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Oriental Religions and Christianity A Course of Lectures Delivered on the Ely Foundation Before the Students of Union Theological Seminary, New York, 1891   By: (1826-1908)

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ORIENTAL RELIGIONS AND CHRISTIANITY

A COURSE OF LECTURES DELIVERED ON THE ELY FOUNDATION BEFORE THE STUDENTS OF UNION THEOLOGICAL SEMINARY, NEW YORK, 1891

BY FRANK F. ELLINWOOD, D.D. SECRETARY OF THE BOARD OF FOREIGN MISSIONS OF THE PRESBYTERIAN CHURCH U.S.A.; LECTURER ON COMPARATIVE RELIGION IN THE UNIVERSITY OF THE CITY OF NEW YORK

NEW YORK CHARLES SCRIBNER'S SONS 1892

PREFACE

The following lectures, prepared amid many cares and duties, have aimed to deal only with practical questions which are demanding attention in our time. They do not claim to constitute a treatise with close connections and a logical order. Each presents a distinct topic, or a particular phase of the present conflict of Christian truth with the errors of the non Christian religions. This independent treatment must constitute my apology for an occasional repetition of important facts or opinions which have a common bearing on different discussions. No claim is made to scholarship in the Oriental languages. The ability to compare original sources and determine dates and intricate meanings of terms, or settle points in dispute by a wide research in Sanscrit or Pali literatures, can only be obtained by those who spend years in study along these special lines. But so many specialists have now made known the results of their prolonged linguistic studies in the form of approved English translations, that, as Professor Max Müller has well said in his introduction to "The Sacred Books of the East," "there is no longer any excuse for ignorance of the rich treasures of Oriental Literature."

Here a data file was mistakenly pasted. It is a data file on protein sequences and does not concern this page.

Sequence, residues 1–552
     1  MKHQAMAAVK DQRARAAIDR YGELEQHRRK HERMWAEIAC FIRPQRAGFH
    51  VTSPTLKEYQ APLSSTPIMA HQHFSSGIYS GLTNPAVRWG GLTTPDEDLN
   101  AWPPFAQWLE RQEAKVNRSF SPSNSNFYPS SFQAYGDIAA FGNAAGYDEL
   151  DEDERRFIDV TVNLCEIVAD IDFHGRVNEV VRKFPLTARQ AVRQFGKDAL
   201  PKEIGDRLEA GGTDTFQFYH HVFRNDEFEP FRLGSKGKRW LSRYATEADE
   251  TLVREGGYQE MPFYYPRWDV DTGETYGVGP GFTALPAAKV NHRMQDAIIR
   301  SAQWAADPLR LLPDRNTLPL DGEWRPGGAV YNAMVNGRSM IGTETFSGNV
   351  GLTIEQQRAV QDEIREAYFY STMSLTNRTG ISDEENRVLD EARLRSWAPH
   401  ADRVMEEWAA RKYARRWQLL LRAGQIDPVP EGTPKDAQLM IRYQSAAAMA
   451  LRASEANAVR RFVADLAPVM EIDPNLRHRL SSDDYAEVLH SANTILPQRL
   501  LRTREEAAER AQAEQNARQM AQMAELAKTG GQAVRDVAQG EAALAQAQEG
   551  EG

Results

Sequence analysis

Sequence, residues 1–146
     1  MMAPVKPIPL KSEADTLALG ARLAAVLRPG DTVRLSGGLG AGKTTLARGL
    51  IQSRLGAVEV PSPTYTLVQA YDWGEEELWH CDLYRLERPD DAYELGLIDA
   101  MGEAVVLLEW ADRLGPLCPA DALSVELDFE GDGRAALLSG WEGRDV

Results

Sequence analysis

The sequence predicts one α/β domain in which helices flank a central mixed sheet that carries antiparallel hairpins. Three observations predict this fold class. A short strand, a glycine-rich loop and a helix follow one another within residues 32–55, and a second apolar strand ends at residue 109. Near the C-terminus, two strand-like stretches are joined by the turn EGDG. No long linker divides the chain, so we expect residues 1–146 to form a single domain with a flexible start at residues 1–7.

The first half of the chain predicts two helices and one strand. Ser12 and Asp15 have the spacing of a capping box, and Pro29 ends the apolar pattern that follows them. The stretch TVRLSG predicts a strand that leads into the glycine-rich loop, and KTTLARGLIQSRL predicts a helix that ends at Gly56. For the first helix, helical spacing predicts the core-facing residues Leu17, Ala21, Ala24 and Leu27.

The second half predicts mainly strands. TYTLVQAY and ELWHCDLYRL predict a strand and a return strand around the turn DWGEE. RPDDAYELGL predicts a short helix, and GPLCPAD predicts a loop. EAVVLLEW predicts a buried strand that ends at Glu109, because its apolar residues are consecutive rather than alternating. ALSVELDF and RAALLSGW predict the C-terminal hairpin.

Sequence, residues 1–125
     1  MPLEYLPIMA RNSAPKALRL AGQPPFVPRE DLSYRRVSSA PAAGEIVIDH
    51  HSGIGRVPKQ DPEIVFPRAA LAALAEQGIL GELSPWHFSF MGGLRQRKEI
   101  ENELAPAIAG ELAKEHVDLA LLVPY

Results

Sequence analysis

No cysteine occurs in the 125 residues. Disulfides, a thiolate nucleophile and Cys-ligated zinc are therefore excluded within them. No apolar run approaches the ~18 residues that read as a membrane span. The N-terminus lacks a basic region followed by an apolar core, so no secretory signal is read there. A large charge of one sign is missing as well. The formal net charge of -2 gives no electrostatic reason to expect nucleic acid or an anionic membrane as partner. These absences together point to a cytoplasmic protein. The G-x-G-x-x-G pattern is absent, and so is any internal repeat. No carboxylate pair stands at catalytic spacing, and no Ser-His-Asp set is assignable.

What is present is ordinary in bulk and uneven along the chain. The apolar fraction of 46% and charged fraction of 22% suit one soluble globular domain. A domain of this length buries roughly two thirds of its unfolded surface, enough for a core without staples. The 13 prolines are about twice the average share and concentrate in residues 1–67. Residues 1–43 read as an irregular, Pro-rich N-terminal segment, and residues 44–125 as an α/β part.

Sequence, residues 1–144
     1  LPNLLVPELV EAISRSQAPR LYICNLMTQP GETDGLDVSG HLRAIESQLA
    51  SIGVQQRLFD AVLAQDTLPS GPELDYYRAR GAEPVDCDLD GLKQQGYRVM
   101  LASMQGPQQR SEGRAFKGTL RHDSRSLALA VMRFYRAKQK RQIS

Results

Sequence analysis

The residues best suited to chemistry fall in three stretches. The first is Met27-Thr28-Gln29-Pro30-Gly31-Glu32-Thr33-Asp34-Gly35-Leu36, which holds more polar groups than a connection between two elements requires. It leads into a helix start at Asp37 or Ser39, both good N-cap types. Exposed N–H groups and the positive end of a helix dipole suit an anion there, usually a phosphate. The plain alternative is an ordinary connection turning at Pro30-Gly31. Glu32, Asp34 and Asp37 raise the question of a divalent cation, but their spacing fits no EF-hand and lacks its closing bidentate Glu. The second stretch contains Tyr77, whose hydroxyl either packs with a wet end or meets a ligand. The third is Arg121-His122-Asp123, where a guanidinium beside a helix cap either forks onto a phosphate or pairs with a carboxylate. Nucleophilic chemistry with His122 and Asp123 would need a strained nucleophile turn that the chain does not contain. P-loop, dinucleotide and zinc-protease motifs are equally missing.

Two considerations lend special importance to the topics here discussed. First, that the false systems in question belong not merely to the past, but to our own time. And second, that the increased intercommunication of this age brings us into closer contact with them. They are no longer afar off and unheard of, nor are they any longer lying in passive slumber. Having received quickening influences from our Western civilization, and various degrees of sympathy from certain types of Western thought, they have become aggressive and are at our doors.

On controverted points I have made frequent quotations, for the reason that the testimonies or opinions of writers of acknowledged competency are best given in their own words.

I have labored under a profound conviction that, whatever may be the merit and success of these modest efforts, the general class of subjects treated is destined to receive increased attention in the near future; that the Christian Church will not long be content to miscalculate the great conquest which she is attempting against the heathen systems of the East and their many alliances with the infidelity of the West. And I am cheered with a belief that, in proportion to the intelligent discrimination which shall be exercised in judging of the non Christian religions, and the skill which shall be shown in presenting the immensely superior truths of the Christian faith, will the success of the great work of Missions be increased.

It scarcely needs to be said that I have not even attempted to give anything like a complete view of the various systems of which I have spoken. Only a few salient points have been touched upon, as some practical end has required. But if the mere outline here given shall lead any to a fuller investigation of the subjects discussed, I shall be content. I am satisfied that the more thoroughly the Gospel of Redemption is compared with the futile systems of self righteousness which man has devised, the more wonderful it will appear.

F.F. ELLINWOOD.

NEW YORK, January 20, 1892.

THE ELY LECTURES 1891.

The lectures contained in this volume were delivered to the students of Union Theological Seminary in the year 1891, as one of the courses established in the Seminary by Mr. Zebulon Stiles Ely, in the following terms:

"The undersigned gives the sum of ten thousand dollars to the Union Theological Seminary of the city of New York, to found a lectureship in the same, the title of which shall be 'The Elias P... Continue reading book >>




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